Does it even matter that you know this

if we all feel like we have free will?

I wanna believe that I go to school,

and get a good job and behave, I wanna believe all that.

You told me I shouldn't believe it.

That if one day I end up in prison,

that was pre-determined from the Big Bang?

You're saying yes to that? - Absolutely, man.

If I knew you were gonna do it,

there's nothing I can do. (laughing)

- If I kick your ass right now,

- That's it. - that was pre-determined

- Then it was meant to be. - from the Big Bang.

- It was meant to be, my friend.

(laughing)

- I don't know how this got to sexy.

- Plus Brian, kicking one's ass is not a literal

stick your ass and someone's to kick.

In the hood it means just winning a fight.

- Oh. (laughing)

- Brian was born and raised in New York City.

Went to Stuyvesant High School,

so he's home grown. - Oh, nice.

- Home grown. (applause)

- But wait, that pre-determinism

that you were just talking about.

Okay, let's say for instance that you do accept that.

And then that leads to fatalism.

Was that also pre-determined? (Heather laughs)

So the fact that you were given this information

that well, I'm not really in charge of my own decisions.

My brain is makin' these decisions

based upon these neurosynaptic transitions

that happen within my mind and so I just let that happen

and then I say oh okay, because of that,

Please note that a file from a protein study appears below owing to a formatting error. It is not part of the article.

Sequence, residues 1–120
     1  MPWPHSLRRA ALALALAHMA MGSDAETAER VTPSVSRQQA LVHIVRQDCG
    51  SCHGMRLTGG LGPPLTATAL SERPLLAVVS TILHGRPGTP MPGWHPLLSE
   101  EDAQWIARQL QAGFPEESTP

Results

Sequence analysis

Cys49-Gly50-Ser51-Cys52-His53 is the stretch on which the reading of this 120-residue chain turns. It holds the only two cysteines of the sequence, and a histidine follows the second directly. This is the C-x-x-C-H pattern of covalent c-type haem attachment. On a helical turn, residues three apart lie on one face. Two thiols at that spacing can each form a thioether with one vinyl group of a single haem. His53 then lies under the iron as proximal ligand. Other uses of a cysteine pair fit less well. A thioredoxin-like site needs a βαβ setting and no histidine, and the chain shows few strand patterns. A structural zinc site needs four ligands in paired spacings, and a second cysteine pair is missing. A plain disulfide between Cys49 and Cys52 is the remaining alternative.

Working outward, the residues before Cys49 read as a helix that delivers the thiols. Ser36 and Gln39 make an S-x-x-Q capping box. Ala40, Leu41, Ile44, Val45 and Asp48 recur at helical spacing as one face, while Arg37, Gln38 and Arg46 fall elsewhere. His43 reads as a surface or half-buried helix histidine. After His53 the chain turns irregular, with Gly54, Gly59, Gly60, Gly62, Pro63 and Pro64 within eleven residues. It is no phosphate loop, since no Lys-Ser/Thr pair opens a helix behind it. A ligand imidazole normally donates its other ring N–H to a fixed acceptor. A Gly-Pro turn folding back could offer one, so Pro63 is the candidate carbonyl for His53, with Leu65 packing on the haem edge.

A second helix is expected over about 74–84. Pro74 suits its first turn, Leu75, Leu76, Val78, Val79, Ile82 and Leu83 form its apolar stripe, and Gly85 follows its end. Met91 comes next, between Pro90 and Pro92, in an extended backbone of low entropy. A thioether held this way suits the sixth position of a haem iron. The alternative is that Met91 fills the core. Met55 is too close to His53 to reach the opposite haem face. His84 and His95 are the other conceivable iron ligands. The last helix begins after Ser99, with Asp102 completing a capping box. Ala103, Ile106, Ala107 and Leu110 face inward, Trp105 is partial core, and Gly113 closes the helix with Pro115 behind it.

I don't give a damn about anything

and I just let it all go.

Was that pre-determined? - Yep.

(laughing)

- But also, to put it in perspective--

- [Chuck] Okay, god I'm gonna shoot myself tonight.

- I gotta just let the record show.

Chuck put out a really awesome question right there.

And it just got a one word answer.

(laughing) You coulda at least

stretched out your answer, give the guy a break.

- No, happy to.

Often people when they encounter these ideas,

and you must've heard this too,

people say okay then I'm not gonna do anything

but sit on my couch and what does it matter?

- Fatalism. - But you see, that's a mixing

of two distinct views on one question.

If you think that you're makin' a free choice

to sit on your couch, then you feel like

well now, I am going to give in to this

and I'm just gonna sit there.

But if you do that, it was determined.

So exactly what you're asking.

If you choose to sit on your couch,